Top business schools are reporting application declines for their full-time MBA programs. These schools include NYU’s Stern School of Business and Columbia Business School, as well as about a dozen more from the nation’s top 30 B-schools, according to a Bloomberg Businessweek report.
Here are some B-schools that had it bad recently, with their percentages of decline on the right:
Indiana U’s Kelley School of Business – almost 21%
Michigan State’s Broad College of Business – 18%
Yale School of Management – 9.5%
Duke’s Fuqua School of business – 7%
University of Chicago’s Booth School of Business – 3.5%
Kelley School’s admissions and financial aid senior associate director, Timothy Smith, points to tougher competition from rival business schools as cause of decline. Online and part-time programs also contribute to the drop. Also, it looks like second-tier B-schools are offering attractive financial aid packages. Some of them are even experiencing applications increase. For example, the B-school at Southern Methodist University experienced a 6% increase this year.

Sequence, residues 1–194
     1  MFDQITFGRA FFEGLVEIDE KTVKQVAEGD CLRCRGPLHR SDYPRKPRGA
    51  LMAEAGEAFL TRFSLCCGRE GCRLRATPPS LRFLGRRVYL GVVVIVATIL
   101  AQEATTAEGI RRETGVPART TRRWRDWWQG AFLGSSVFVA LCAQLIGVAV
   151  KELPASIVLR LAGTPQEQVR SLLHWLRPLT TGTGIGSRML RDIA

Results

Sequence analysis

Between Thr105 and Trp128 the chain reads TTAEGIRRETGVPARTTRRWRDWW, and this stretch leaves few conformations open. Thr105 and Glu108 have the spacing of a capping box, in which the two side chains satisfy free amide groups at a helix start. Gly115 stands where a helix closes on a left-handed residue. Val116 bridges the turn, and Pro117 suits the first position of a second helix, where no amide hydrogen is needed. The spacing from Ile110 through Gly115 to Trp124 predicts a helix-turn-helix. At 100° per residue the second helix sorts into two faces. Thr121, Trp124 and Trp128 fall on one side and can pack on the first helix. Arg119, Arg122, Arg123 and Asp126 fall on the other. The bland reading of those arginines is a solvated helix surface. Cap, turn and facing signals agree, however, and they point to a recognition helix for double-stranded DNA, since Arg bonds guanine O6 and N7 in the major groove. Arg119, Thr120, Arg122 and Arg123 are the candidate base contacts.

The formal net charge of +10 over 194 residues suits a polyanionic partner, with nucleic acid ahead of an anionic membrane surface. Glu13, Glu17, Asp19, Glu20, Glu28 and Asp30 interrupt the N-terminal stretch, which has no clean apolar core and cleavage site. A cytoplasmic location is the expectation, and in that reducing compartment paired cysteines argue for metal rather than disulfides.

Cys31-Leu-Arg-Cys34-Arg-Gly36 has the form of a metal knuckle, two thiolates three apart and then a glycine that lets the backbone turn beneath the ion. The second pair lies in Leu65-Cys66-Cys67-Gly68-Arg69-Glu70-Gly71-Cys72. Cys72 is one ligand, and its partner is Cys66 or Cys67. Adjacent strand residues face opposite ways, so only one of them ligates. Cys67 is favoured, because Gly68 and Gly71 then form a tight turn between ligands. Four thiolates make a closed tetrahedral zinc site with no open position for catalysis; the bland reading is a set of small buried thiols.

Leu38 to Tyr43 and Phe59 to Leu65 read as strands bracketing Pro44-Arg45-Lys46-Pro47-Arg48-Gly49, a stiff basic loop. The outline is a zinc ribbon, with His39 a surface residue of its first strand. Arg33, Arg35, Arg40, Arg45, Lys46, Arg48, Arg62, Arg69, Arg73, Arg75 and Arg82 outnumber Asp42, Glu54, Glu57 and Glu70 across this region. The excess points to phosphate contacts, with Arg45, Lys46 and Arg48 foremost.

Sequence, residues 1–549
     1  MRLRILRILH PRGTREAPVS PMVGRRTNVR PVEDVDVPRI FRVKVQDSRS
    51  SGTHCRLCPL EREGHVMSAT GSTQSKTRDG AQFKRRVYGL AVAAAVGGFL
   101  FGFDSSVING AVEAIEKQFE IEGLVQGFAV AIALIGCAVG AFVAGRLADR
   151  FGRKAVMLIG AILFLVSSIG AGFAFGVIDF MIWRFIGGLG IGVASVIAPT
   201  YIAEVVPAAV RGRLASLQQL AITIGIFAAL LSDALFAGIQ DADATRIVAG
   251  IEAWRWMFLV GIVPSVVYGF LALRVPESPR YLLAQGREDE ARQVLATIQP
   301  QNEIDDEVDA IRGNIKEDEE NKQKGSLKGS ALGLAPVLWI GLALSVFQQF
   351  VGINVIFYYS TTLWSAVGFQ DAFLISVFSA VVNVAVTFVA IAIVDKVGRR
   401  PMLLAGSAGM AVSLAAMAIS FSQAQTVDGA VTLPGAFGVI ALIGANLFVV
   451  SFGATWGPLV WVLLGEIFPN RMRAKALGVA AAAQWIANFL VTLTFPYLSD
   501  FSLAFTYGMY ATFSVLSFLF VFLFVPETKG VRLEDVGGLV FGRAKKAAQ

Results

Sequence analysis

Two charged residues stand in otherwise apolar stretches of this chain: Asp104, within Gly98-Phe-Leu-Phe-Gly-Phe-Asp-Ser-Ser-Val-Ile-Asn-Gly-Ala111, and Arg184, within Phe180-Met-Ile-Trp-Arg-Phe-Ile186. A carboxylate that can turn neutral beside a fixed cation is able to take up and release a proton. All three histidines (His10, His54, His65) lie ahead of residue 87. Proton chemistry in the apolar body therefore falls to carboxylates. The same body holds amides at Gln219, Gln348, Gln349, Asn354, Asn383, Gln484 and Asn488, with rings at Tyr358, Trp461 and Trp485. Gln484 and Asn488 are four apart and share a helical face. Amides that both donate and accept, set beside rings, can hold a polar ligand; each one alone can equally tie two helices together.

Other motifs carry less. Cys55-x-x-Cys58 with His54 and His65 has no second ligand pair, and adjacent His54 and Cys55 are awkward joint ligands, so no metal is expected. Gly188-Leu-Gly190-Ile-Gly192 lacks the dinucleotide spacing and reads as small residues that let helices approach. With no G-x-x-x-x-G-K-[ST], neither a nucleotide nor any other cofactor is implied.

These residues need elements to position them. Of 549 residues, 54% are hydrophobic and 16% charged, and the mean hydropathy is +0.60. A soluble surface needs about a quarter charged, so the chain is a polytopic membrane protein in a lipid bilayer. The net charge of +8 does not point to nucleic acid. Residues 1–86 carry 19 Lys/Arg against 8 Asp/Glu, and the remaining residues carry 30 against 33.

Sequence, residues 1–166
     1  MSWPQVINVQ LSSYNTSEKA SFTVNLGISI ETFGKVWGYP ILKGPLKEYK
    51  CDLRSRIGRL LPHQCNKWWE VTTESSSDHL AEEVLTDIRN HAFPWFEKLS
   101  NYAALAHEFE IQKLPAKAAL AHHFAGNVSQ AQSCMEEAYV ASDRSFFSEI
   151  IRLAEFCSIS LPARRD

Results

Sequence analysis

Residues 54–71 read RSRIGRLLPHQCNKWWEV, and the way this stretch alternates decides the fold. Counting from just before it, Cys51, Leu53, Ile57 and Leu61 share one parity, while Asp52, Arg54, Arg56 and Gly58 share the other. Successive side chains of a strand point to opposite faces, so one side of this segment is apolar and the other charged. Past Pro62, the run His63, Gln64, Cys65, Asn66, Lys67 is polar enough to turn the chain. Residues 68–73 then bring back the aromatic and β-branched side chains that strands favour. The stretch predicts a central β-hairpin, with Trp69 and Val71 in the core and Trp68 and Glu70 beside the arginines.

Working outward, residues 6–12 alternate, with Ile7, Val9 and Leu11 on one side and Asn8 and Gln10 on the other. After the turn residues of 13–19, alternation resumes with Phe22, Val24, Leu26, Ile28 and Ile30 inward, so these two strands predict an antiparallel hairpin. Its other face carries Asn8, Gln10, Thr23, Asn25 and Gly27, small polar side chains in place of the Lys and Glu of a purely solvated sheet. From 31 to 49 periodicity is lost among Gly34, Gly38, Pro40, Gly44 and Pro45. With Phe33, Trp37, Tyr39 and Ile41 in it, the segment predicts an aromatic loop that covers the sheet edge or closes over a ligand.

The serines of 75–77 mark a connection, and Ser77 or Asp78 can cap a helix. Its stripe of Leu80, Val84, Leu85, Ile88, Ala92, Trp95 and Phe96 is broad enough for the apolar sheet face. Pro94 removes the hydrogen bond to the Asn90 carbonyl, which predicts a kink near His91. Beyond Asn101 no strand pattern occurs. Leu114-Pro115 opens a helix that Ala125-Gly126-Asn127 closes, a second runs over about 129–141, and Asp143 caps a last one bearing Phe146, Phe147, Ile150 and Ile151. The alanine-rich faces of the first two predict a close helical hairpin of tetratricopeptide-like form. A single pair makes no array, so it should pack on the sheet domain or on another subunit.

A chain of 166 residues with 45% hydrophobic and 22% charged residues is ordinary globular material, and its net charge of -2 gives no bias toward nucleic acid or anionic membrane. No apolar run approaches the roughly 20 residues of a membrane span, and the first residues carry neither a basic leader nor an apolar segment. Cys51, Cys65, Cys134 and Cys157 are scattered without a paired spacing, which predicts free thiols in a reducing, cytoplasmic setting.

Getting into a top B-school is no longer as competitive these days. Several schools are giving out more acceptance letters than they would in normal circumstances, even accepting students that had not listed them as top choice schools. This time around, B-schools are the ones competing for applications. Because of competition and lower yields, some B-schools went as far as recruiting from far-off places, such as Latin America and Asia (source PhDify.com)